Rancho Mirage High, which opened in 2013, has never used bells. In creating protocols for the new school when it opened, Calderwood and other administrators looked at a range of policies designed to teach life skills and improve campus culture. Dumping the bells was one of them.
Instead, the school uses rattles — literally an audio recording of a rattlesnake, the school mascot. The rattle is broadcast just three times: when school starts, after lunch, and at the end of the last period. The rest of the day, students look at the clock and switch classes on their own.
The purpose is to teach students how to manage their own time, and create a more relaxed campus. Students say it works.
Saul Mejia, a 12th grader, said he’s rarely late to class since he started at Rancho Mirage.
“I’m used to it. I just check the time on my phone,” he said. “It’s good having no bells. People can keep track of their own time. I think it works pretty well.”
The school also requires students to wear lanyards showing their ID cards, and cell phones are OK in class. Students are encouraged to do research and other class-related tasks on their phones, although games and texting are still prohibited.
Overall, these changes have greatly improved the campus climate, Calderwood said. Discipline issues and tardiness are minimal, and students have learned to keep track of time on their own — a valuable skill for almost any job, he said. Indeed, students who show up late for class can get penalized.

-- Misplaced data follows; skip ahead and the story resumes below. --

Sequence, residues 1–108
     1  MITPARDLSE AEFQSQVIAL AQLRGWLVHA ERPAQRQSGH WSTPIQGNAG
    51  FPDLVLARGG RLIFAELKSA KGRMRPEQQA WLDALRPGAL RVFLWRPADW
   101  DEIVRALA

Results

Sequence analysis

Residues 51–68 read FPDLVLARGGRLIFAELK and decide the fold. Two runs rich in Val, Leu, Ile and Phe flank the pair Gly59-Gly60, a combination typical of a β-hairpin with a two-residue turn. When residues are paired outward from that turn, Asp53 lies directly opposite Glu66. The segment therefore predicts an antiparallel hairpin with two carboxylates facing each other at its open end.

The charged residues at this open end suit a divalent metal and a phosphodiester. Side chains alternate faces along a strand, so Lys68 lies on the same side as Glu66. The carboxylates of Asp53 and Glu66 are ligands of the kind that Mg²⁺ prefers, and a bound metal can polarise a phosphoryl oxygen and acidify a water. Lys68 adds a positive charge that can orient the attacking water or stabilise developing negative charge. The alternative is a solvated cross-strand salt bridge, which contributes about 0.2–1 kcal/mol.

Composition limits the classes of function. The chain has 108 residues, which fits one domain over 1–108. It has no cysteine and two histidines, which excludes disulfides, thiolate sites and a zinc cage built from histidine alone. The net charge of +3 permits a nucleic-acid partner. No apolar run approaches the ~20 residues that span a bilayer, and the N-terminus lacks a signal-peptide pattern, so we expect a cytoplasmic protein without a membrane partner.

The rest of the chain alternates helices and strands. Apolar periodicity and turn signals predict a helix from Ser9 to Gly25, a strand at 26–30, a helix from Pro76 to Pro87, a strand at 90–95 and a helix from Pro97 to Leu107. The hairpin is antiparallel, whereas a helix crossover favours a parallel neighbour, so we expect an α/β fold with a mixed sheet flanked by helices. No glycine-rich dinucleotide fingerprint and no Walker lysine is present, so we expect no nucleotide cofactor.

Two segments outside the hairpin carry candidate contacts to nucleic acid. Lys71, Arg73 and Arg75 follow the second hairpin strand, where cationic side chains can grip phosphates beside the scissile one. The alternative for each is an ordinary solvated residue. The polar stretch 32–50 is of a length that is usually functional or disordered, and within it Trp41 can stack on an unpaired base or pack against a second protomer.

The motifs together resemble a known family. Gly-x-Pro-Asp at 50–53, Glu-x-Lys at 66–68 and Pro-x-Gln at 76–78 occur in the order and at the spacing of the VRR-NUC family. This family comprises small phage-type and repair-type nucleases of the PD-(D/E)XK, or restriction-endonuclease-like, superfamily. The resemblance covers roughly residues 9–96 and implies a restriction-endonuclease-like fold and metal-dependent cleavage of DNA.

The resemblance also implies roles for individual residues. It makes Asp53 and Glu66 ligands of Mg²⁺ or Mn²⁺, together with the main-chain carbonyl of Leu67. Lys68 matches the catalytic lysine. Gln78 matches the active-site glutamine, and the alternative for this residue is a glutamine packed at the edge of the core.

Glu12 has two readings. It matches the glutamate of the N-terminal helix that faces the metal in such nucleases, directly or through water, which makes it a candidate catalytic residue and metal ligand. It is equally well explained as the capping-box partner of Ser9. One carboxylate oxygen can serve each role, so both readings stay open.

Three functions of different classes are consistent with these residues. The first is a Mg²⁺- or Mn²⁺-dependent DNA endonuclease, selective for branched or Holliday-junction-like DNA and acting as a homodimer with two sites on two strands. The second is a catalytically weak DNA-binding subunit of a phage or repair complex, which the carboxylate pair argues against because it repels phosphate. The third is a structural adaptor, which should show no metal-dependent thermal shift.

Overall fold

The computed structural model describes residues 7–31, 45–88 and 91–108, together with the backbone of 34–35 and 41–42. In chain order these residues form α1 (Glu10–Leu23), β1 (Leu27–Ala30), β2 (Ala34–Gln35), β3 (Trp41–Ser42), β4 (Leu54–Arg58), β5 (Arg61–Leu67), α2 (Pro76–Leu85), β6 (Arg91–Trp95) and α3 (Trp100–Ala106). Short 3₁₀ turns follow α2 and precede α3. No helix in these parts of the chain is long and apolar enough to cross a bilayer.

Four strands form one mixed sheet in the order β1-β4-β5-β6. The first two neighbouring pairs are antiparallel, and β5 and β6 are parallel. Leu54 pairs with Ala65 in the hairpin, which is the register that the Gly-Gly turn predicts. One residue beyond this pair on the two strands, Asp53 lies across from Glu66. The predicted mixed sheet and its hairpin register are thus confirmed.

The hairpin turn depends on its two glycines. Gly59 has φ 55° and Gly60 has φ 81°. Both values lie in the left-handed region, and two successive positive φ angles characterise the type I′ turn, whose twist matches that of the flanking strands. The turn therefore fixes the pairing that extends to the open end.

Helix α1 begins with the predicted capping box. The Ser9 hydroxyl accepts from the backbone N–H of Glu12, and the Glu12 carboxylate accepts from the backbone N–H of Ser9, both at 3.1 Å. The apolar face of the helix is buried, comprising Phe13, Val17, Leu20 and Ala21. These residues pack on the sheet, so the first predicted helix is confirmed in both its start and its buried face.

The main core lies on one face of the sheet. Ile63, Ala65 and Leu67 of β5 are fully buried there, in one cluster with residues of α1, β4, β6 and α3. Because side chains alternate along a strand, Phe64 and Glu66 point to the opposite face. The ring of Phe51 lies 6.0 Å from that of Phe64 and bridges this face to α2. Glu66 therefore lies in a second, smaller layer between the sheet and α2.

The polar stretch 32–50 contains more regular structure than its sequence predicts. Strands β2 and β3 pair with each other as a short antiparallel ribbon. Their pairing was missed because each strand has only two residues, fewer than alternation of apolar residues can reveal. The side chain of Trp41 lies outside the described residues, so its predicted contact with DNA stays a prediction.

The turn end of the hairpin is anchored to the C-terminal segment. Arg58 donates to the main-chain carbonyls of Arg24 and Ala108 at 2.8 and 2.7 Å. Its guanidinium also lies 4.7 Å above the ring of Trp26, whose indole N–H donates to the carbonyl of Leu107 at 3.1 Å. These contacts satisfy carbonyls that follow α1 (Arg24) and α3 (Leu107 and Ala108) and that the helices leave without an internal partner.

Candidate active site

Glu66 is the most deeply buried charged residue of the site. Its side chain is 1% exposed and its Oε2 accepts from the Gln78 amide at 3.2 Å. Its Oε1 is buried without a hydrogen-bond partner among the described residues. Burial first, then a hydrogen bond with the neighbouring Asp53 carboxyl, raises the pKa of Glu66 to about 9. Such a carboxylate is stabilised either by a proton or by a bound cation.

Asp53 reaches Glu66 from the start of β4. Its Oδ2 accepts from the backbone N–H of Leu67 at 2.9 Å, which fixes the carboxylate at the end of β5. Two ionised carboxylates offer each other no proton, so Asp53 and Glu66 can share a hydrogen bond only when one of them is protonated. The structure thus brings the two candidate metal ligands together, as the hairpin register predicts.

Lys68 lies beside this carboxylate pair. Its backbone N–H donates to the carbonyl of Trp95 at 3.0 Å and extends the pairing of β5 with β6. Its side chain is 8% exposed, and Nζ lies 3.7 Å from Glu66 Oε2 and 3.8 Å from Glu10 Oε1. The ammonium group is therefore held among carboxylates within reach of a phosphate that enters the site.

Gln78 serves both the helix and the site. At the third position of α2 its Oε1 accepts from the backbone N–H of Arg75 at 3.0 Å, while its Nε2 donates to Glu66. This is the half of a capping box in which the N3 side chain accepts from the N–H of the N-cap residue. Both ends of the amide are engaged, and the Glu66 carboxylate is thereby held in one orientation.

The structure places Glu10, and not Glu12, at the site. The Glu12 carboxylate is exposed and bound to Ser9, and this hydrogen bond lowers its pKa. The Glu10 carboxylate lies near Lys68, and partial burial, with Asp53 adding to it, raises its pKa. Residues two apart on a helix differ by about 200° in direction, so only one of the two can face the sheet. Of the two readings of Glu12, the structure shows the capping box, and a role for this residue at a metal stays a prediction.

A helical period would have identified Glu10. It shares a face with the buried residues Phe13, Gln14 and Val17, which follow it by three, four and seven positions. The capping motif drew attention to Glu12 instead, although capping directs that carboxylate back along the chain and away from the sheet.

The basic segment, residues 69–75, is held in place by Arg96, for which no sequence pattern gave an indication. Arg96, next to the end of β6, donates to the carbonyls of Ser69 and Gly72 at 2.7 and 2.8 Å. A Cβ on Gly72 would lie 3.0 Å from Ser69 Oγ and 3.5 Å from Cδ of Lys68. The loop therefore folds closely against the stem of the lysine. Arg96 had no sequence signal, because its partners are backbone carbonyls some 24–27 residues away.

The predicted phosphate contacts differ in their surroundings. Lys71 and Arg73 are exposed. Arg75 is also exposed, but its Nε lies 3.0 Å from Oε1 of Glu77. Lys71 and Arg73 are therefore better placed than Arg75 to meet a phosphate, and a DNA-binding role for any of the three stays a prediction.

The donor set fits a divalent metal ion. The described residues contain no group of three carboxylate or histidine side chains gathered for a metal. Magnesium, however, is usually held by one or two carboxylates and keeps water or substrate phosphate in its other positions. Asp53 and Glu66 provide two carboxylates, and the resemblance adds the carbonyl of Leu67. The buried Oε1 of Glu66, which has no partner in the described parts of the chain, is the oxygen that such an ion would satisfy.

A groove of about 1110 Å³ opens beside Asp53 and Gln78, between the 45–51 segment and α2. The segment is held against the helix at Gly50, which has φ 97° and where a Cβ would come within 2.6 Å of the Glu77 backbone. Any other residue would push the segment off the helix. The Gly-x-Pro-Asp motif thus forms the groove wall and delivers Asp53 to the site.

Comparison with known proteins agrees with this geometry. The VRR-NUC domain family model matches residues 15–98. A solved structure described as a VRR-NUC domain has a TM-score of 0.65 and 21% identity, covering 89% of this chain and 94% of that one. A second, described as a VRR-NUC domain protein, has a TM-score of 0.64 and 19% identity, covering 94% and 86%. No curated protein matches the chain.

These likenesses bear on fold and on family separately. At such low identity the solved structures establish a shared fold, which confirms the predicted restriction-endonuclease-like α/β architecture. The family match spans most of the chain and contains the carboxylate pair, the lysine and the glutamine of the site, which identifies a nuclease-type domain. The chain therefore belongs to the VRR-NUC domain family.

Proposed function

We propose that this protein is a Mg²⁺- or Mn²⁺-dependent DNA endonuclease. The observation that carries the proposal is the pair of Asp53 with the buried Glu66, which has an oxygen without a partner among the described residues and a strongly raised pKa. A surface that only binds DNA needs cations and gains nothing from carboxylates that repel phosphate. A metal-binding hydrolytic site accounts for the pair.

The only hitch is that sometimes the classroom wall clock, the teacher’s watch and the students’ cell phones have different times. The cell phone time is usually the correct time. And students are good about not setting alarms on their phones, so the class doesn’t erupt in a cacophony of beeps and jingles every 50 minutes.
California schools aren’t alone in experimenting with “no bell” policies. Schools around the country are also trying the quiet approach. Most of the “no bell” schools are high schools, where students are deemed responsible enough to get to class without high-decibel reminders.
And those reminders can be highly distracting. At a typical high school with seven periods and lunch, as many as 16 bells ring daily. If there’s an early morning period, throw in an extra two bells.
“We’re all used to no-bells by now. When I go to schools that do have bells, I want to stick a fork in my eye. It’s so obnoxious,” Calderwood said. “Education can be like a monolith, big and slow to change, but when you have a chance to try something new, and it works, that’s really rewarding.”
Yes, there are some high schools in the nation that have dispensed with electric bell systems. Teachers and students take responsibility for beginning and ending classes. But keep in mind that the vast majority of elementary and secondary public schools continue to use bells, chimes, or buzzers to begin the day, tell students when to leave one classroom and enter another, announce mid-morning breaks, lunch, and the end of school.
So for those earnest policymakers and practitioners who rail at the dominance of the age-graded school and its grammar of schooling, even getting rid of bell-driven schedules is a task that gives reformers heartburn.